The Misconceptions of Reformer Pilates

Reformer Pilates is a popular way of strengthening abdominals, lower back, pelvic muscles and hips. Taking Pilates reformer classes also improves muscular endurance within the core while making muscles stronger. Yet, many people avoid taking Pilates classes because of a number of misconceptions and lose out on the chance to improve their fitness, strength, flexibility and overall wellbeing. Here are the most common reformer Pilates misconceptions.

(1) I can’t do reformer Pilates because I am not flexible enough

While flexibility is a core aspect of Reformer Pilates, no one is expected to have perfect flexibility during the first class. In fact, the exercises are usually designed for all fitness levels, allowing beginners to gain flexibility as they practice reformer Pilates. The exercises are well-balanced and will help you to improve your flexibility and achieve a more agile body with better ranges of motion. For individuals with overly flexible bodies, the core conditioning exercises will improve joint stability and mobility. Therefore, there is nothing to fear about reformer Pilates as the exercises will be adapted to your flexibility level.


(2) Reformer Pilates is all about stretching

No. The exercises offer more than just stretching. While there are remarkable stretches that are performed on the Reformer, the equipment is primarily used to improve overall muscle strength. Pilates Reformer has 5 springs which can be assembled in different combinations to offer the requisite resistance and challenge for improving muscle strength. Spring resistance allows reformer Pilates to cause eccentric muscle contraction (lengthening of muscles against the resistive force), which results in longer and stronger muscles. Besides, the Reformer is a wonderfully versatile piece of equipment that allows for hundreds of exercises performed in various positions: sitting, lying down, standing, pushing the footbar, pulling straps, sideways, upside down, and other variations.

(3) Reformer Pilates is too hard and too expensive

While Pilates Reformer can deliver a humbling experience even to a person who is in good shape, a good reformer Pilates class will include instructions for every fitness level and guidance on how to perform all the body movements conveniently and safely. Likewise, exercises with Pilates Reformer are low-impact and put greater emphasis on stability challenges, especially lumbo-pelvic stability, resulting in stronger core and back. Similarly, since the springs can be combined to deliver exercises that are appropriate for first-timers or veterans looking for greater challenges, the sessions are not too hard. Moreover, there are group reformer classes costing as little as $10-$20 and highly affordable private classes costing as low as $30-$50, if you do your homework properly. And remember, reformer Pilates is worth investing in because it almost acts as “daily rehabilitation” in the prevention of injuries and mobility issues.

(4) I do Yoga, so there is no reason to do reformer Pilates

Yoga and Pilates are two different practices which focus on different systems of the body. While reformer Pilates strengthens musculo-skeletal systems, Yoga strengthens ligaments and tendons. Besides, Pilates and Yoga approach movement differently, utilize different exercises and have different breathing styles (though there are some overlaps). And while Yoga is primarily mat-based, reformer Pilates works through effective equipment (Pilates Reformer) that can be used for different exercises by people of all fitness levels.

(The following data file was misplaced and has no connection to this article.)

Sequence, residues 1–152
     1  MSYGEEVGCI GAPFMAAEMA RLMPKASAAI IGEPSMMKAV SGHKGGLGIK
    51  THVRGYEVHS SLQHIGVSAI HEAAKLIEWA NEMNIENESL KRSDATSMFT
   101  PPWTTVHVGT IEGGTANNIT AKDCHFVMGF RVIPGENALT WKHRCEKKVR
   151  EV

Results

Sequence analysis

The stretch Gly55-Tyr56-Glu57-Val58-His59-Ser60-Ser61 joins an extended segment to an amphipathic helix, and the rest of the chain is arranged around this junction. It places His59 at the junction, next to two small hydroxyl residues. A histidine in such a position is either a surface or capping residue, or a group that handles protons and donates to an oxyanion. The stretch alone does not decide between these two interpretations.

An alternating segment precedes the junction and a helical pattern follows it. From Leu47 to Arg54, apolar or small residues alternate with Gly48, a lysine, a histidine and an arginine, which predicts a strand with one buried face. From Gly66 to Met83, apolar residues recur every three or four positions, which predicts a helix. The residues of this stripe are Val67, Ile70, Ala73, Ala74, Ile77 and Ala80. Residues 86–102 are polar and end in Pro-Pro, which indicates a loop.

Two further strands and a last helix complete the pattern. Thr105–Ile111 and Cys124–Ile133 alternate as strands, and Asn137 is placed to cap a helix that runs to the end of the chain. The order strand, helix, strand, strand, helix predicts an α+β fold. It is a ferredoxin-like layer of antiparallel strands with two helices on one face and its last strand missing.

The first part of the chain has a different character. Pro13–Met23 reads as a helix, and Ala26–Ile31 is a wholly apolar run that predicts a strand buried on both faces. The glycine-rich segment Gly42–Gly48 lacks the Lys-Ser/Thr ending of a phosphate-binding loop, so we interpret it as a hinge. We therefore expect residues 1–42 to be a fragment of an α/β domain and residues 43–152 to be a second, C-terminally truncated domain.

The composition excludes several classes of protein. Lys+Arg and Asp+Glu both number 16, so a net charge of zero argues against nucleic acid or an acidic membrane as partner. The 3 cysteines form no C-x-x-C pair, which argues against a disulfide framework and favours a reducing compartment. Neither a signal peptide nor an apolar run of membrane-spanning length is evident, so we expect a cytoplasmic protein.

(5) Reformer Pilates is only for young and fit people

No. Pilates Reformer is a versatile machine that can be used for a broad range of applications. Many studios may choose to target children, seniors, moms-to-be or athletes while some may offer group and private classes for rehabilitation of back problems, knee injuries, hip problems and other conditions. Reformer Pilates programs may also address arthritis, scoliosis and osteoporosis while specialized Pilates programs for sports may target golfers, runners and equestrians. Therefore, there are modifications or styles that can be availed to people of all fitness levels and ages, almost all health issues and most injuries. Indeed, Reformer Pilates can be enjoyed by almost everyone.

(6) I can’t try reformer Pilates because my abs and back are weak

While some exercises concentrate on the large, outermost muscles of the back and abs, reformer Pilates can actually target the smaller, internal muscles, strengthening your abdominals and back and eliminating all sorts of muscle imbalances. If you have weak abs and back, reformer Pilates is a perfect workout for you.

(7) I need to regain my shape before I do reformer Pilates

When Pilates was created by Joseph Pilates, it was administered to ambulatory patients and those with physical limitations to improve their strength and mobility. In fact, Pilates offers a huge amount of strength to the powerhouse (core) and allows people who are out of shape to gain strength in their extremities and have better alignment and body awareness. Therefore, you need not worry about your shape before joining Pilates classes because the reformer provides assistance in engaging correct muscles while also giving feedback on whether exercises are being performed correctly.

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